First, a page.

The Den of Slack

Half scale bathroom accessories

Every year, the Half Scale Yahoo Group does a swap, and I participated this year for the fourth time. It’s a fairly large affair — this year we had 39 participants — so it’s important to come up with items that don’t have too many steps and can be made relatively cheaply. The value of the swap item is supposed to be ~$5 — not that it cost that much to make, but you would pay that much for the item if you were buying it.ear

Past years, I’ve made record albums, kitchen canisters, and butcher block cutting boards. This year the theme was “accessories from all around the house” and I decided to turn my attention to the room it’s nearly impossible to find good mini accessories for: the bathroom.

I found tutorials online for making a 1:12 scale plunger using a small suction cup, but couldn’t find any suction cups tiny enough for half scale. I looked at ear buds but even those were too big, and also kind of expensive in the volume I needed. After a long time poking around online, I don’t remember how I came across these red pipe end caps — but they’re perfect!

I started by cutting down the cap to end up with just the round part. I used a sharp utility knife for this and it cut easily, but I had a hard time getting straight lines. Luckily I had 100 caps and only needed 39 of them, so it was okay to mess some up.

I “drilled” a hole in the cap using my micro drill. This was also hard to do in the exact center since what seemed like the center sometimes turned out not to be when the rounded cap got squished into a flat position. I don’t know what size bit this is, but it’s the same size as a toothpick.

Next I cut the top off a fancy toothpick.

I left one ridge at the end of the toothpick, to “grab” under the hole and prevent the handle from sliding right out.

I stuck the pointy part of the toothpick up through the hole and pulled until the notch settled in the hole. I didn’t bother with glue, it’s a snug fit. Finally I cut down the top of the toothpick and sanded the top with an emery board to round it. The plunger’s finished height is 15/16″.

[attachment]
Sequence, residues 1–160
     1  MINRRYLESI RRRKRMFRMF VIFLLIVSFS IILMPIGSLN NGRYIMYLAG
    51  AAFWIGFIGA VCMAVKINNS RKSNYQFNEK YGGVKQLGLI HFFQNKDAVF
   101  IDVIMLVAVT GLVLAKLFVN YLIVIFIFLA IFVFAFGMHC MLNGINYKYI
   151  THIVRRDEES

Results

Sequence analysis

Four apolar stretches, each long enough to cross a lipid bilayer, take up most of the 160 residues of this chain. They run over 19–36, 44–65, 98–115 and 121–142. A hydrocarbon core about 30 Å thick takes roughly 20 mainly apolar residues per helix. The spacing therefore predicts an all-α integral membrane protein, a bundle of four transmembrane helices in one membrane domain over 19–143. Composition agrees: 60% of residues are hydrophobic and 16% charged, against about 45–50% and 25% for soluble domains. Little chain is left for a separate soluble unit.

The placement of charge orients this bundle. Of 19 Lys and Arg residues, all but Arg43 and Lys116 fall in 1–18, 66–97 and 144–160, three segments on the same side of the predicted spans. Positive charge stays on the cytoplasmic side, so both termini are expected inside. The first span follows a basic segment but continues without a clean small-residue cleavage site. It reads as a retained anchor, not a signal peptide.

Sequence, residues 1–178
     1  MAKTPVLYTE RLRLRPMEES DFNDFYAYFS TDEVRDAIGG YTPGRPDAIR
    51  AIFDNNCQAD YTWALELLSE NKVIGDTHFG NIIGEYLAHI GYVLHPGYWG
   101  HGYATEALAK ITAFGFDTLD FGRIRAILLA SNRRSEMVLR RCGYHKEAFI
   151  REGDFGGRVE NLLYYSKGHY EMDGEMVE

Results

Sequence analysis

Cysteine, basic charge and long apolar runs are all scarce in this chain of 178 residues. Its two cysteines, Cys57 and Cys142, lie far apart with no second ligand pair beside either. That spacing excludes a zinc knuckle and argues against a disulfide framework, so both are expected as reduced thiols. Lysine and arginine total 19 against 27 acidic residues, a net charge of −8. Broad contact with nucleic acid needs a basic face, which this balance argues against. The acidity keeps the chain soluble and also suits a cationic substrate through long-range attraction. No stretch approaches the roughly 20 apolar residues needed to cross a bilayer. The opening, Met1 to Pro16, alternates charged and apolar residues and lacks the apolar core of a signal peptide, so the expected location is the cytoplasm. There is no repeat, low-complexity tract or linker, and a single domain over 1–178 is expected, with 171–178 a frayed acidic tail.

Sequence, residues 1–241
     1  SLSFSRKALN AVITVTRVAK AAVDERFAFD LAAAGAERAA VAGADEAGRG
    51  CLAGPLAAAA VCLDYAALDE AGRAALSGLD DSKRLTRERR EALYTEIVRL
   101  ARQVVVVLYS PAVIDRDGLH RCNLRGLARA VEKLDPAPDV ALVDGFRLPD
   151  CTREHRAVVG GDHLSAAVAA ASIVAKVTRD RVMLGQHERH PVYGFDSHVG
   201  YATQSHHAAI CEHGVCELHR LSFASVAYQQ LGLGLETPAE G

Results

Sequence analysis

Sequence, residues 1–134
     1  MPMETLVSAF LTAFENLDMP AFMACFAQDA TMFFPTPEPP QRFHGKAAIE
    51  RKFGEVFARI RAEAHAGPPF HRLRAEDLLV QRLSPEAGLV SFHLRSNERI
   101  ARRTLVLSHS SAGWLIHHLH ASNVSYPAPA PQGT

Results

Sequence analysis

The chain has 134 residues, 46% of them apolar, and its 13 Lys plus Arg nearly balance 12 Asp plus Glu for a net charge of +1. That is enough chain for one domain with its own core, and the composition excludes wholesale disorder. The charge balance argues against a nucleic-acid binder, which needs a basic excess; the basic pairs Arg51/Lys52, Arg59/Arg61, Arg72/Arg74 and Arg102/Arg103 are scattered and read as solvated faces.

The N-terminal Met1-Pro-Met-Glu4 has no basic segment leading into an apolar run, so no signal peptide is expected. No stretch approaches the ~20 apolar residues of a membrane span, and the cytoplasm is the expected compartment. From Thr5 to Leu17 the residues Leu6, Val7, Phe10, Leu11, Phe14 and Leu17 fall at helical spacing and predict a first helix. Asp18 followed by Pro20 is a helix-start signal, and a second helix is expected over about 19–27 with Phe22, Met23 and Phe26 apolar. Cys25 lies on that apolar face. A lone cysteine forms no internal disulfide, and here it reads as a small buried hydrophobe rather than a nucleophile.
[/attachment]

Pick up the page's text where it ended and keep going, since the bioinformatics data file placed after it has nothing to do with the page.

Next came the toilet brushes and handles. The brush is made from GUM Soft Picks. I had a 40-pack of these and one had been used, leaving me with exactly the right amount. No room for error!

To make the brush I cut off the top just below the flat part, and the bottom except for four rows of nubs. I glued on a bead to form the top of the holder. These beads are from Michaels — I brought a soft pick into the store to make sure it would fit through the hole. The holder is made from a 5mm x 10mm tube bead with a 5mm washer spacer glued to the bottom.

Finally, toilet paper. I bought a pack of thin plastic straws for the tubes. Brown ones would have been better but I couldn’t find any so I bought black. I definitely didn’t need a box of 1,000 of these — if I weren’t on a schedule to get the swaps done I would have just waited until I saw the right ones in a coffee shop and grabbed a handful.

I took two squares of toilet paper (still connected to each other), separated the plies, glued the edge of one ply to a straw, and rolled.

A real life toilet paper roll is 4.5″ inches wide, which translates to 3/16″ in half scale. I held the wrapped straw up to a ruler and cut with scissors at the 3/16″ line.

To keep the rolls from unraveling, I used a toothpick to dab glue just before the end of the paper, and stuck it down to the roll.

These added up quickly: each 5″ straw makes 26 toilet paper rolls.

With all three items finished, it was time for the assembly line. The toilet paper and plunger are pretty indestructible, but I hope the brushes made it to everyone without the glued pieces coming apart.

Here are the accessories in my Fairfield’s bathroom. I used up all the soft picks, but I made some extra plungers and toilet paper rolls to spread around to a few other houses.


  1. Cute and clever!

  2. Very cute, especially in person…I just stumbled on this as a mini tutorial on Pinterest and was so surprised! I was part of the swap, and loved the little bathroom pieces, so glad to know how you made the little roles. Thanks!

  3. I was also one of the lucky recipients in this year’s halfscale swap and was delighted with these accessories – thank you, and thank you for explaining how you did them. I now appreciate them even more, and really admire your creativity in thinking how to make them.

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